DIFFICULTY: Legal assistance may be required
Initial Filing Fee: $100-$150
Ohio law states that when a child is born, custody automatically goes to the mother in all cases. If the mother is married to the father, then the custody is shared between the two of them. If the mother is unmarried, however, the custody remains with the mother alone and the father must apply for joint custody of the child. Grandparents are allowed to act as guardians in place of a minor child who has a child of their own, i.e. in the interest of their grandchild. They are not, however, allowed to take full custody, as such rights remain with the parents, unless adoption proceedings are taken. When determining parental responsibilities and rights, the court takes into consideration these factors:
• The wishes of the child
• The wishes of the child’s parents regarding the child’s care
• The child’s interaction and interrelationship with the child’s parents, siblings, and any other person who may affect the child’s best interest
• The child’s adjustment to their home, school, and community
• The mental and physical health of all involved
• The parent more likely to adhere to court-appointed parenting time rights or visitation and companion rights
• Whether either parent has been convicted or plead guilty to a criminal offense that led to the child being abused or neglected
• Whether either parent has, or is planning on, establishing residence outside of the state
In general, Ohio tries to provide at least some form of joint custody to parents, though in extreme or violent cases they will award sole custody to one parent. Additionally, for joint custody, or shared parenting as it is known in the state, to be possible there must be proof that both parents are responsible, can provide a safe and nurturing environment for the child. In the case of a Native American child, the court’s decisions will also take into account the provisions set out in the Indian Child Welfare Act. As child custody concerns the welfare of a minor, it is usually in the best interest of any plaintiff or respondent to engage the aid of a lawyer or advocate, as child custody disputes are quite complicated and a simple mistake could result in a loss of custody.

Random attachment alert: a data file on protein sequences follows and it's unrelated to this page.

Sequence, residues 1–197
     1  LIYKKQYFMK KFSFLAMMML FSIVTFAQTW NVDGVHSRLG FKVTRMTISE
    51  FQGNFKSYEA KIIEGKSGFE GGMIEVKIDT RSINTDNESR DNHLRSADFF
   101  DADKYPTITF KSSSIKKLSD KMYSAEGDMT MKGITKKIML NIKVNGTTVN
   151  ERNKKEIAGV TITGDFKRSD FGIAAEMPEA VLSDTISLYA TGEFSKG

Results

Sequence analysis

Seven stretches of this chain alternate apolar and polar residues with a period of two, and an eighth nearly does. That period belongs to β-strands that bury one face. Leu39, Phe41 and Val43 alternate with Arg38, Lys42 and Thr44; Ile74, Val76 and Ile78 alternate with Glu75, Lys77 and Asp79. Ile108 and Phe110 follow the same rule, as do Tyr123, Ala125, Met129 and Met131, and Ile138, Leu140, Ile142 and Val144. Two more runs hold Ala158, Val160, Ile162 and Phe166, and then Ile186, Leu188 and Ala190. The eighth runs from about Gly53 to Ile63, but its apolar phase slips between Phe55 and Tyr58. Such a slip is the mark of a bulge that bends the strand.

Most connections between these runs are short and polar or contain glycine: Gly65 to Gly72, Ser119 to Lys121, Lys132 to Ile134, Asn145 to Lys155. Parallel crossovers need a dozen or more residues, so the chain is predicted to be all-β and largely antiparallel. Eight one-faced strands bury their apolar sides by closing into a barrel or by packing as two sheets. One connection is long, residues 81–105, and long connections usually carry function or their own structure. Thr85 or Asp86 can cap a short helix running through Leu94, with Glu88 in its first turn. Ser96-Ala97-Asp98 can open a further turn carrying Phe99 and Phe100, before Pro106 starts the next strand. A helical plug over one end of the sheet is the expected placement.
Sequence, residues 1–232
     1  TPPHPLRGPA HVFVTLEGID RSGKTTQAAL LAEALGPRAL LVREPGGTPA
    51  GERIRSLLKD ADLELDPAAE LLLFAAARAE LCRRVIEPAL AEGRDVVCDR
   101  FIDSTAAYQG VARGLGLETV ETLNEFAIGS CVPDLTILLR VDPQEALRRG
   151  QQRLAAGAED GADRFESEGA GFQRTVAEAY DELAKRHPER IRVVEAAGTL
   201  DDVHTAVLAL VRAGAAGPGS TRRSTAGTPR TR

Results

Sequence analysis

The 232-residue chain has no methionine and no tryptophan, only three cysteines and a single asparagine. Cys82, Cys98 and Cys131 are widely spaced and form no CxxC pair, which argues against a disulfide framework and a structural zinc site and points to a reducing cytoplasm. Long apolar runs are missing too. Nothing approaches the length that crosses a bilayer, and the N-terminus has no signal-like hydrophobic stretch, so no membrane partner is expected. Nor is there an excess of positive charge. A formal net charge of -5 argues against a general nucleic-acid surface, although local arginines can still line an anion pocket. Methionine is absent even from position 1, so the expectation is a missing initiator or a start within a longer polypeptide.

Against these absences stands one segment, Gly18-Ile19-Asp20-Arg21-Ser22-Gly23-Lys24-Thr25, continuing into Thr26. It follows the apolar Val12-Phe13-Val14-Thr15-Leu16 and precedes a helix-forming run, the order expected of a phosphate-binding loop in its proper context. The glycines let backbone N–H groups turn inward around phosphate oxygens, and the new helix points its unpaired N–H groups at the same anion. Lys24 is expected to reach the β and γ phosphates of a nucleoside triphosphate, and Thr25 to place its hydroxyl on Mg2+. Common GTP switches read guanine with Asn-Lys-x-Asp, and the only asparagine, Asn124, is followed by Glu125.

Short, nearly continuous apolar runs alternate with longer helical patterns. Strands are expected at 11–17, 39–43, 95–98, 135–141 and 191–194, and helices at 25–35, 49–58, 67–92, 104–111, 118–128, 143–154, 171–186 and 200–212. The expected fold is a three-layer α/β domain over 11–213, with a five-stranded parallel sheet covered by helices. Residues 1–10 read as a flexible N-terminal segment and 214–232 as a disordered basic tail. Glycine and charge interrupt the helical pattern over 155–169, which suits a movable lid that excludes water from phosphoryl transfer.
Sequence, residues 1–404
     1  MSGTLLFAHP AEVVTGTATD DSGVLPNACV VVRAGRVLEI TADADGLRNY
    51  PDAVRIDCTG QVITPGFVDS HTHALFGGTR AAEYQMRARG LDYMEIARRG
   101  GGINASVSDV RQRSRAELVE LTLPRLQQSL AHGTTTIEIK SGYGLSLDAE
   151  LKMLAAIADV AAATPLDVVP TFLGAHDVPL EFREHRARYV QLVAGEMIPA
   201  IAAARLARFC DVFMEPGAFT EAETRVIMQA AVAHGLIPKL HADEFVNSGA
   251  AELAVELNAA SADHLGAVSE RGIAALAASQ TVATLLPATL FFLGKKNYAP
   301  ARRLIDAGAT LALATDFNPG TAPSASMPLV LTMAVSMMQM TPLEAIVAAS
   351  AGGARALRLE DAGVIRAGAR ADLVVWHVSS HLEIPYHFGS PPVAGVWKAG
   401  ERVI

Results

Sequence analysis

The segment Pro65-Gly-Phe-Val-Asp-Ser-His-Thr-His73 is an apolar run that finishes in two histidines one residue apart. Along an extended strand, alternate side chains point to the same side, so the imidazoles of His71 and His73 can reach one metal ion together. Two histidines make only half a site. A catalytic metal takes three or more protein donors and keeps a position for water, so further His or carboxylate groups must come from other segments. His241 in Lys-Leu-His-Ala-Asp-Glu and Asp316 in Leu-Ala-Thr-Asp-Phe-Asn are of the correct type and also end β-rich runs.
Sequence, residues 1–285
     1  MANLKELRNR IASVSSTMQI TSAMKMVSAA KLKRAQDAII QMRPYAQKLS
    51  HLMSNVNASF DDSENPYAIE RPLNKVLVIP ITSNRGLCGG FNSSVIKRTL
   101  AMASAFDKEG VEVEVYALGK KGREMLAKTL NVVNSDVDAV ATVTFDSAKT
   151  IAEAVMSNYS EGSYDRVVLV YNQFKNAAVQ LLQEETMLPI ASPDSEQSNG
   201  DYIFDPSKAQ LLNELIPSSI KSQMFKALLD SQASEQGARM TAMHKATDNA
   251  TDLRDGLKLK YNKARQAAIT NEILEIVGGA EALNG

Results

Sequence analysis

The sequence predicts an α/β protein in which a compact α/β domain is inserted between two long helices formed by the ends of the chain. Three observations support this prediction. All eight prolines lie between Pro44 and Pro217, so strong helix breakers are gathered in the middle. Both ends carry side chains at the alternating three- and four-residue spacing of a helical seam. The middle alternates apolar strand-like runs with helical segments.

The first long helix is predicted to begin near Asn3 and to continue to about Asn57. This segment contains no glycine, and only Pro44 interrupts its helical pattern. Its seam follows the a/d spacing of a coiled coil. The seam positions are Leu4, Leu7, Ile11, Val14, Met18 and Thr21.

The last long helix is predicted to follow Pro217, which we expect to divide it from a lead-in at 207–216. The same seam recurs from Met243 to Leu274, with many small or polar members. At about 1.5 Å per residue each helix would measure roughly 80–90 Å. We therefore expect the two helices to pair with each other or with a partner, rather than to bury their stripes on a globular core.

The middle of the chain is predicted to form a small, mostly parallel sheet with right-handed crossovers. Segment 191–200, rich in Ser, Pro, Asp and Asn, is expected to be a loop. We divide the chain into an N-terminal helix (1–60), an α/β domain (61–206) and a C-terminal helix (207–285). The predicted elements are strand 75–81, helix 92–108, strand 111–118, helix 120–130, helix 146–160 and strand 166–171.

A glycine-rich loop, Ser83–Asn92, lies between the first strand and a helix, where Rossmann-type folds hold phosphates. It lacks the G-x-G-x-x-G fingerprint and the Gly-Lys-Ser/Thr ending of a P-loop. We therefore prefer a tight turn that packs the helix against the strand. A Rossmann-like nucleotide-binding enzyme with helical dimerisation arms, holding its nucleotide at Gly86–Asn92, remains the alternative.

Step 1: Establish Jurisdiction
In order to file for custody of a child in Ohio, the child needs to have resided in the state for at least six months prior to the time that the request for custody is filed, or resided in the state for at least six months recently while one parent remained in the state. Alternatively, the custody decision may be made in Ohio if the child and at least one parent have a significant connection to the state; substantial evidence is available in the state regarding the child’s care, personal relationships, and protection; or any other courts with jurisdiction over the case decline to exercise a judgment on the grounds that the court in Ohio is a more appropriate forum.
Step 2: Establish Relation to the Child